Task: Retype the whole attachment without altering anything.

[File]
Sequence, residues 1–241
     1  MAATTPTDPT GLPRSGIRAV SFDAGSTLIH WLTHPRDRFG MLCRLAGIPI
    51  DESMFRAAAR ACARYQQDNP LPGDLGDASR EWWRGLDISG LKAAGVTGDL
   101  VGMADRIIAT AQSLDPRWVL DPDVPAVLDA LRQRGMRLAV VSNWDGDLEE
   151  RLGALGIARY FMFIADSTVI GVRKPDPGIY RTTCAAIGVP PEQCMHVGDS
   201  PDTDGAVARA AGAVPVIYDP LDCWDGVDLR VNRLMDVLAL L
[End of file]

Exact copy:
Sequence, residues 1–241
     1  MAATTPTDPT GLPRSGIRAV SFDAGSTLIH WLTHPRDRFG MLCRLAGIPI
    51  DESMFRAAAR ACARYQQDNP LPGDLGDASR EWWRGLDISG LKAAGVTGDL
   101  VGMADRIIAT AQSLDPRWVL DPDVPAVLDA LRQRGMRLAV VSNWDGDLEE
   151  RLGALGIARY FMFIADSTVI GVRKPDPGIY RTTCAAIGVP PEQCMHVGDS
   201  PDTDGAVARA AGAVPVIYDP LDCWDGVDLR VNRLMDVLAL L